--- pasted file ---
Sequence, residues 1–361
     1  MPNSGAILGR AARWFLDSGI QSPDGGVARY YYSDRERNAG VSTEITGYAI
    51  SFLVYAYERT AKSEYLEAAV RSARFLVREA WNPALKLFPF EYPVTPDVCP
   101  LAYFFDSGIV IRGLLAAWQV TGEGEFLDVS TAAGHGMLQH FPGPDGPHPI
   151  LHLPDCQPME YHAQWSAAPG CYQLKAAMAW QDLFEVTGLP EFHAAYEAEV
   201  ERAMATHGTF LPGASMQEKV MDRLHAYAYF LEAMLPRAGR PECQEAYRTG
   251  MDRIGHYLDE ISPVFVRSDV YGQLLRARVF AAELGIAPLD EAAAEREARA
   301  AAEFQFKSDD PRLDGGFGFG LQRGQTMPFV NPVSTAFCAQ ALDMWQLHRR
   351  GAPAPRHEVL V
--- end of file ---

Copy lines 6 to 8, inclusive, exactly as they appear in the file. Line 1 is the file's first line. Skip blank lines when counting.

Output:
   201  ERAMATHGTF LPGASMQEKV MDRLHAYAYF LEAMLPRAGR PECQEAYRTG
   251  MDRIGHYLDE ISPVFVRSDV YGQLLRARVF AAELGIAPLD EAAAEREARA
   301  AAEFQFKSDD PRLDGGFGFG LQRGQTMPFV NPVSTAFCAQ ALDMWQLHRR